There are plenty of cat mysteries, but one of the things that I like best about this series is that Diesel is just a cat. A very big cat, but just a cat. He doesn’t do anything that cats don’t do. Even in this particular story, where there is one point where Diesel really does save the day, he does it by smelling something off and meowing about it until he gets his human’s attention. Not all of us receive letter bombs (thank goodness) but that a cat would sniff out that the thing just smells “wrong” in a big way is quite possible.

It’s not that I don’t love Shirley Rousseau Murphy’s Joe Grey series, because I do, but one talking cat mystery series is probably enough. Or at least it is for this reader.

Another thing that I enjoy about this series is that Charlie is not always the first person to solve the mystery, the best person to solve the mystery, or even the person who saves the day by solving the mystery. In Charlie’s cases, he does get in the way of the police as often as he helps them. He doesn’t always do the cliche thing of getting all the suspects together for the big reveal. Sometimes the solution is anti-climactic, and Charlie is a step behind the police. It feels more human, and more likely, that an amateur sleuth would be as much of a hindrance as a help, while it still gives the reader a chance to put the pieces together along with Charlie, mistakes and all.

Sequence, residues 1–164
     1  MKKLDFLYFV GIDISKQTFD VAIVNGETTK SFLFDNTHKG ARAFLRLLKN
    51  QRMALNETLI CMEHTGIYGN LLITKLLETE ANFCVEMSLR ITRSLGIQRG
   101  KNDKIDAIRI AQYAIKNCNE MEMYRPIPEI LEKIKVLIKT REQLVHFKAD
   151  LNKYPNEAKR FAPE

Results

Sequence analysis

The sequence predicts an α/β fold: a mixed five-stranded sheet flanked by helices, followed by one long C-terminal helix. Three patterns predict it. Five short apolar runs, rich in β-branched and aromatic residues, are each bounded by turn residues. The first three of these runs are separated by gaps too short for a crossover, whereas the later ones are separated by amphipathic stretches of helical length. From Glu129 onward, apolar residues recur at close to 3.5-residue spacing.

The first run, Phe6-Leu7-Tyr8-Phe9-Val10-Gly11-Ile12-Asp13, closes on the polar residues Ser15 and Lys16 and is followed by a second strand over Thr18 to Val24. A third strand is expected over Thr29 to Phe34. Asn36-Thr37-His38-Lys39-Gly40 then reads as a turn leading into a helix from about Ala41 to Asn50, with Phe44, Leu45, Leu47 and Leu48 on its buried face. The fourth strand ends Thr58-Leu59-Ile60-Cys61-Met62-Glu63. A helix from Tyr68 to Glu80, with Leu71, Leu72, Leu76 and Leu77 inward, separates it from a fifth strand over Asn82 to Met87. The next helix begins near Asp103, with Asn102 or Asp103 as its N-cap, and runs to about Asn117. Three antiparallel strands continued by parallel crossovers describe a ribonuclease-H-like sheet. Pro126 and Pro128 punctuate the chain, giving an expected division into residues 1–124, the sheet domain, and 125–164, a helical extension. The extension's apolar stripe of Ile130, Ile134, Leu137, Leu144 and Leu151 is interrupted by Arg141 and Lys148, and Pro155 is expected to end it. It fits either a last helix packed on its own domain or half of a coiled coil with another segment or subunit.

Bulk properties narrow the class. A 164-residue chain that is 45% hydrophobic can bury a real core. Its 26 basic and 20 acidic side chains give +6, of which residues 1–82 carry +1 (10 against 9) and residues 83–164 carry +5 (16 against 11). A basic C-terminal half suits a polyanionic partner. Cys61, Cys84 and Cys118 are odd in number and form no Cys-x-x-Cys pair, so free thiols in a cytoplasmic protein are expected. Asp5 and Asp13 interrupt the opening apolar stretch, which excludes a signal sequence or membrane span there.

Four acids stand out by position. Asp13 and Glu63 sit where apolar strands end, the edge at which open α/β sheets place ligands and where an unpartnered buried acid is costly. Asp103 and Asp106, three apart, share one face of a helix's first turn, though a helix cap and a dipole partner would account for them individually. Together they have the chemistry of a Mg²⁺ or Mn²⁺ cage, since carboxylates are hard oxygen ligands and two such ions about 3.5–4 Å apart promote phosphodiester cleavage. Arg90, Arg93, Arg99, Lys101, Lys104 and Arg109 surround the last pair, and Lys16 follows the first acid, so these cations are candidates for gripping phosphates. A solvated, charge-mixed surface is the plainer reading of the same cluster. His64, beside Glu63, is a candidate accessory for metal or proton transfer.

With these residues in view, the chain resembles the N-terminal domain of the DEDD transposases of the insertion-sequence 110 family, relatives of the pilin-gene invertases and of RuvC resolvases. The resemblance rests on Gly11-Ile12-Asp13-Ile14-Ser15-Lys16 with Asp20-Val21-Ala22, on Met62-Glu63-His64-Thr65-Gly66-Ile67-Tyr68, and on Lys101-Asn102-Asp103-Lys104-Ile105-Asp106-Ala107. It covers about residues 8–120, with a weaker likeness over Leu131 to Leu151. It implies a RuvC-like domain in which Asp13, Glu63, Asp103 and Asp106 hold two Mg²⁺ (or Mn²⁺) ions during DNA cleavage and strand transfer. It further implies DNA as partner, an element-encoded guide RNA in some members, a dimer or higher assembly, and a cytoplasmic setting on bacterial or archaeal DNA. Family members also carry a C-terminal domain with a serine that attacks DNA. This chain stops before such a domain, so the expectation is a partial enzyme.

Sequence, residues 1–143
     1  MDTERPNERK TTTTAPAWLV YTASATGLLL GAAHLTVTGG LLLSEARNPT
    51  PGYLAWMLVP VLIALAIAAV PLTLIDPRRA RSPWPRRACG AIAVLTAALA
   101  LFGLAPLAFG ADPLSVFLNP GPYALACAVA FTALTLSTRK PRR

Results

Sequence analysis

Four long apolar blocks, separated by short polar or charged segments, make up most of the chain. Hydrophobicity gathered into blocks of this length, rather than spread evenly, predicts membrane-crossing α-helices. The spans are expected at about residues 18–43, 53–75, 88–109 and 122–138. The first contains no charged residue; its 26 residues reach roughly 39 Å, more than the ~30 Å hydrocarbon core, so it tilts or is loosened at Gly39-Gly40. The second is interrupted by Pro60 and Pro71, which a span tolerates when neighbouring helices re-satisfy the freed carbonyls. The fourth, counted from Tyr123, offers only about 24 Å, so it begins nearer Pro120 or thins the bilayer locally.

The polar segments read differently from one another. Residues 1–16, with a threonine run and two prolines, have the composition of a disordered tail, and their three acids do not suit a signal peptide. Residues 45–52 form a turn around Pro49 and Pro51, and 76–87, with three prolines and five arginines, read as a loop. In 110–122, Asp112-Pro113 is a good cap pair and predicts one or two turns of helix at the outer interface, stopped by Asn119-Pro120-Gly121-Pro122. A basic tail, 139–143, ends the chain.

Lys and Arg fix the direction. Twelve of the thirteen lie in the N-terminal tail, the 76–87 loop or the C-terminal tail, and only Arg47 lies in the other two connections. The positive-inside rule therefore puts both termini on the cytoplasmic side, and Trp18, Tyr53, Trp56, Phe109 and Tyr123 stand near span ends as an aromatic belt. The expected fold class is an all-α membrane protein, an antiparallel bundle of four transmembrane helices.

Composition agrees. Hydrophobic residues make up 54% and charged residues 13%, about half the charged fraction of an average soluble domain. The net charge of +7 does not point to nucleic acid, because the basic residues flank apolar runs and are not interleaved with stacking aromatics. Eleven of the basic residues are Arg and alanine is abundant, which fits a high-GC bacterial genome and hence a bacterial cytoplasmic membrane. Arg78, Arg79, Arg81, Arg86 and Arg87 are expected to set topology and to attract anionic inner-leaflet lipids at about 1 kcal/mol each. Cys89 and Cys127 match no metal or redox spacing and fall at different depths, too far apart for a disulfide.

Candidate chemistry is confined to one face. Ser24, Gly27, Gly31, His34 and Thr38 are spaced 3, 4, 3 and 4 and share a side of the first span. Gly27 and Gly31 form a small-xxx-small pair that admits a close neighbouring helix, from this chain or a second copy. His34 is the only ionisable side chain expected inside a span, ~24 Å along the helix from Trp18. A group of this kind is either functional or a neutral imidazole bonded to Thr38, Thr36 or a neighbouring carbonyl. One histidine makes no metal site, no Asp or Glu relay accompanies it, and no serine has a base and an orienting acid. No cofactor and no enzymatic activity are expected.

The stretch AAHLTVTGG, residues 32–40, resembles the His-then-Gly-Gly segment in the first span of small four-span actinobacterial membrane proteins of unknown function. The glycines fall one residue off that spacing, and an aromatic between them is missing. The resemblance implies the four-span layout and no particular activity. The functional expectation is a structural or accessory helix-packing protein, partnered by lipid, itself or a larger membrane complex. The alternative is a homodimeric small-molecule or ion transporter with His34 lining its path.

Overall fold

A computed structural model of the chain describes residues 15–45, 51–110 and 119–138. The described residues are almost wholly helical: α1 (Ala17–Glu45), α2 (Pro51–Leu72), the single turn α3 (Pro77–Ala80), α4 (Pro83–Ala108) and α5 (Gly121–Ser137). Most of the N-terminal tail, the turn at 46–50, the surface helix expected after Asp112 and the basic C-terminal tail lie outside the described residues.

If you are looking for a light, fluffy and fun mystery series, with lovely people in an interesting setting, check out Charlie and Diesel. You don’t have to start with Murder Past Due (I didn’t) – this series is just good cozy fun wherever you jump in.

Review: Twelve Angry Librarians by Miranda James

Review: Twelve Angry Librarians by Miranda JamesTwelve Angry Librarians (Cat in the Stacks, #8) by Miranda James
Format: eARC
Source: publisher via NetGalley
Formats available: hardcover, ebook, audiobook
Genres: cozy mystery, mystery
Series: Cat in the Stacks #8
Pages: 288
Published by Berkley Books on February 21st 2017
Purchasing Info: Author's WebsitePublisher's WebsiteAmazonBarnes & NobleKoboBook Depository
Goodreads